United States District Court, D. Alaska
L. Gleason UNITED STATES DISTRICT JUDGE.
the Court at Docket 116 is Providence's Motion for
Sanctions for Destruction of Relevant Evidence. At Docket
129, Plaintiffs opposed; at Docket 133, Providence replied.
An evidentiary hearing on the motion was held on February 12,
2018, at which Plaintiff Jamie Schnider
issue are the appropriate sanctions, if any, related to Mr.
Schnider's complete deletion of all entries in his
Facebook account after April 10, 2014. Plaintiffs'
lawsuit against Providence arises from the fact that Natalie
Warner was Mr. Schnider's mental health therapist. Mr.
Schnider and Ms. Warner began a sexual relationship in
approximately April 2014. Natalie Warner died on October 9,
2014 of a self-inflicted gunshot wound. It is undisputed that
Mr. Schnider permanently deleted his Facebook account at some
point after Ms. Warner's death, and after he had hired an
attorney to represent him in this case. Mr. Schnider first
communicated with attorney James Wendt's law office on
October 17, 2014. He could not recall when he deleted the
account, but testified it was certainly within a year of Ms.
Warner's death, and probably within six months. This
lawsuit was filed in March 2015.
evidentiary hearing, Mr. Schnider testified that Tiana
Johnson, his former spouse, was a paralegal at a law firm.
Mr. Schnider testified that he was well aware in June 2014
that Ms. Johnson was considering a lawsuit against
Providence. He was cooperative with Ms. Johnson and provided
extensive electronically stored information to Ms. Johnson at
that time. He testified that Ms. Johnson spent a great deal
of time telling him why a lawsuit against Providence was
important, and that he then gave her everything she wanted to
pursue it, including full access to his Facebook account at
that time. He also testified that he was a frequent and
consistent user of Facebook throughout the time he was
travelling with Ms. Warner from April through October 2014.
He described himself as “the Facebook kid.” Mr.
Schnider testified that he also used instant messaging
through his Facebook account. And he acknowledged that if one
were able to read Mr. Schnider's Facebook account for the
period in question, one would be able to assess Mr.
Schnider's emotional health on a day-to-day basis. He
said that after Ms. Warner's death, whatever his Facebook
account would have contained would have shown the state of
his mental health at that time. Providence introduced records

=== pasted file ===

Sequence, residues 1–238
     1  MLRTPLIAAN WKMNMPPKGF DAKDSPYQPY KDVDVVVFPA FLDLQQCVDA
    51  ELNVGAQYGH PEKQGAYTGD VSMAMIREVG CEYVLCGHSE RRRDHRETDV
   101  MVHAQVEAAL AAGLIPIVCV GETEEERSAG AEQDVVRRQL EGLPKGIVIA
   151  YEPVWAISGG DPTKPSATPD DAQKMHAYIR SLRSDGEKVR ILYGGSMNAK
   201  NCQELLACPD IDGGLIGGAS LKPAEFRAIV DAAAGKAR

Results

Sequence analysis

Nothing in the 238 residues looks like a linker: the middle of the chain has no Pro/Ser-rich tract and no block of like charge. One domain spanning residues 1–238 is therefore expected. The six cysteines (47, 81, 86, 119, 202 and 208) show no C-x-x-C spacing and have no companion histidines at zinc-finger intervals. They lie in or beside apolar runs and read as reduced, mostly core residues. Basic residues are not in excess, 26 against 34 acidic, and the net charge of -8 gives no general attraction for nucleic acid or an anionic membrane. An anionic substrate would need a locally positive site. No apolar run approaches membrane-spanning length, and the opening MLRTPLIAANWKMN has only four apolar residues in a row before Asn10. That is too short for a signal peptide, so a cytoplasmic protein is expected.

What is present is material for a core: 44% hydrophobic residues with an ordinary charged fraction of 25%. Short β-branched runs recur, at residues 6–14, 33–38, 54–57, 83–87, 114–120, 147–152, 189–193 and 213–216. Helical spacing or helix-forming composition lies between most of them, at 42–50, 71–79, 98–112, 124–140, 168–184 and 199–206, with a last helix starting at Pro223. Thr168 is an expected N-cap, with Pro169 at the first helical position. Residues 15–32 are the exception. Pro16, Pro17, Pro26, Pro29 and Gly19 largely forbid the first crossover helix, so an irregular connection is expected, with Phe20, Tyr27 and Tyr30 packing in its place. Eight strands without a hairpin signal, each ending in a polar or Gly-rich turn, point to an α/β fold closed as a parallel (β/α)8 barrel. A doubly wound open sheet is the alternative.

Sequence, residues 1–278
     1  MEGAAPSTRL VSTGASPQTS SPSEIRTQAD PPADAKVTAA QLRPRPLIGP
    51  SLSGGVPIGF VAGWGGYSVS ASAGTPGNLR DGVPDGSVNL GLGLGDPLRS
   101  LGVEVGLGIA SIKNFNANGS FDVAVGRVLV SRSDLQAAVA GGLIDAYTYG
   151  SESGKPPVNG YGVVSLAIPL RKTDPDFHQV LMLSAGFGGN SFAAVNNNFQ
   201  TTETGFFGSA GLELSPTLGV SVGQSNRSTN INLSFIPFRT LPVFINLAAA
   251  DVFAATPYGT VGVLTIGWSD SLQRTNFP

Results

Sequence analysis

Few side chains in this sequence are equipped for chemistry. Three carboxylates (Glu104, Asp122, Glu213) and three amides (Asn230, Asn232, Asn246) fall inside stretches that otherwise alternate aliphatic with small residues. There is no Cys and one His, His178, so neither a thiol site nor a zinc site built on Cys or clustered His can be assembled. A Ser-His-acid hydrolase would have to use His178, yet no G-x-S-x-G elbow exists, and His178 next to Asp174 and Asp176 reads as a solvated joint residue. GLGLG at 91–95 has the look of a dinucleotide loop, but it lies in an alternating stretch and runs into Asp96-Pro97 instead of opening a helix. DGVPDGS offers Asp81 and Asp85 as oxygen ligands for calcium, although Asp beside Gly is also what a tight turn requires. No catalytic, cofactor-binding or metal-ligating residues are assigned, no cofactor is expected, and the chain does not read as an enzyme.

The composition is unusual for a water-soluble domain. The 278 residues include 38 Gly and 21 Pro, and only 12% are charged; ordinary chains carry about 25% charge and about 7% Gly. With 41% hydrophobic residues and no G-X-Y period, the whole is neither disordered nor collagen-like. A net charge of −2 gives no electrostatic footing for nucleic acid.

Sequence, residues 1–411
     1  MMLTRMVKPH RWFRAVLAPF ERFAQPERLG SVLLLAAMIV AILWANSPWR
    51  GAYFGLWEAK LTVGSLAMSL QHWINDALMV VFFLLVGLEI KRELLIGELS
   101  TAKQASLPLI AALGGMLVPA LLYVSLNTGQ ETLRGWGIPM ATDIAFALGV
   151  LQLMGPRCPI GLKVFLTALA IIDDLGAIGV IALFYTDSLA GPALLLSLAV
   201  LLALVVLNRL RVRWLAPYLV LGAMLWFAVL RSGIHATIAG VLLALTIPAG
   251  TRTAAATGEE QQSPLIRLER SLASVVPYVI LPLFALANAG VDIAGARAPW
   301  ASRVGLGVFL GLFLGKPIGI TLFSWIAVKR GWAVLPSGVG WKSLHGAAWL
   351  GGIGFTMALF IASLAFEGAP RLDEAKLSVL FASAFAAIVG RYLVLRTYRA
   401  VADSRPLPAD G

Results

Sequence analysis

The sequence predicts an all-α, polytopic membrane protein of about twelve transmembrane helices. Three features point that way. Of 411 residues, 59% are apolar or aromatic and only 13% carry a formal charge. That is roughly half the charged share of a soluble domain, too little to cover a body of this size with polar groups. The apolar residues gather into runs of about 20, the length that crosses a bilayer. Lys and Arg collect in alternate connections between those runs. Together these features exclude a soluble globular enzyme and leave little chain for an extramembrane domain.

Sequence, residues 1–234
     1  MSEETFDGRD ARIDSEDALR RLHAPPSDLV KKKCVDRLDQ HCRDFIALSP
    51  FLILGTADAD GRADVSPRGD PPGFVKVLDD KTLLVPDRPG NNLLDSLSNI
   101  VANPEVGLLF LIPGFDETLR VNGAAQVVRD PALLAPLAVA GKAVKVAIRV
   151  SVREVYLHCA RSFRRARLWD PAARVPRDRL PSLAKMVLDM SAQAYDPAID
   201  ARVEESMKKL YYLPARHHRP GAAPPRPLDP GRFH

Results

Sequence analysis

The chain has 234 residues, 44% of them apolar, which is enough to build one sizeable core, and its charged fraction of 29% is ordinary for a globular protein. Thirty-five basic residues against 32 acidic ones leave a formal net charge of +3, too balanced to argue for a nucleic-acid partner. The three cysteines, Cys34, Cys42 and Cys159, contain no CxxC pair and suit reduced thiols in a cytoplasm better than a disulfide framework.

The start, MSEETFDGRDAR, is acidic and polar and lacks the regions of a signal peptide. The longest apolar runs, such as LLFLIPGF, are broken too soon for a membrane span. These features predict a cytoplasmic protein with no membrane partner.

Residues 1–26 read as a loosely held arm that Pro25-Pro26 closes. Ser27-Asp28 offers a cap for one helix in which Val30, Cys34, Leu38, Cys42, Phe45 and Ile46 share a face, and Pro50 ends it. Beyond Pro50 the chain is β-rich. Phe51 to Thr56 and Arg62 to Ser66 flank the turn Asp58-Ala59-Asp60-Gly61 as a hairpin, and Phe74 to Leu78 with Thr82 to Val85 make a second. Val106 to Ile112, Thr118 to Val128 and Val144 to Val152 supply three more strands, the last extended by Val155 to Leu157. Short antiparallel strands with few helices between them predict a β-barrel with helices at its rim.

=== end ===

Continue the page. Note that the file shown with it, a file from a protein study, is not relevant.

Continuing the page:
that Mr. Schnider called eight different law firms several
hours prior to Ms. Warner's death on October 9, 2014. Mr.
Schnider testified that he had no memory of making those
phone calls and no idea why those phone calls would have been
made at that time, but he was certain that it was not in
connection with a possible lawsuit by him against Providence.
Providence also introduced a letter written by attorney Wendt
on behalf of Mr. Schnider to Providence dated November 17,
Schnider testified that he deleted his Facebook account
because he “couldn't stand to look at Natalie every
time I opened it.” He added that he deleted the account
because he “wanted the pain gone away from me.”
He deleted everything except “three or four
pictures” that he couldn't get rid of. After Ms.
Warner's death, Mr. Schnider indicated that he spent a
significant portion of his time in several psychiatric
intensive care units. He never provided his attorney with any
material from the Facebook account before he deleted it. But
the Court finds, based on Mr. Schnider's testimony, that
he was made aware by Tiana Johnson by no later than June 2014
that his Facebook postings and other social media were
relevant materials for any future litigation against
Schnider also testified that when he deleted the account, it
was not done with any intent to prevent Providence from
getting access to it. He also testified that he can't
remember very much at all of what happened in the months and
even years after Ms. Warner's death.
Rule of Civil Rule 37(e) addresses the failure to preserve
electronically stored information. It provides as follows:
If electronically stored information that should have been
preserved in the anticipation or conduct of litigation is
lost because a party failed to take reasonable steps to
preserve it, and it cannot be restored or replaced through
additional discovery, the court:
(1) upon finding prejudice to another party from loss of the
information, may order measures no greater than necessary to
cure the prejudice; or
(2) only upon finding that the party acted with the intent to
deprive another party of the information's use in the
(A) presume that the lost information was unfavorable to the
(B) instruct the jury that it may or must presume the
information was ...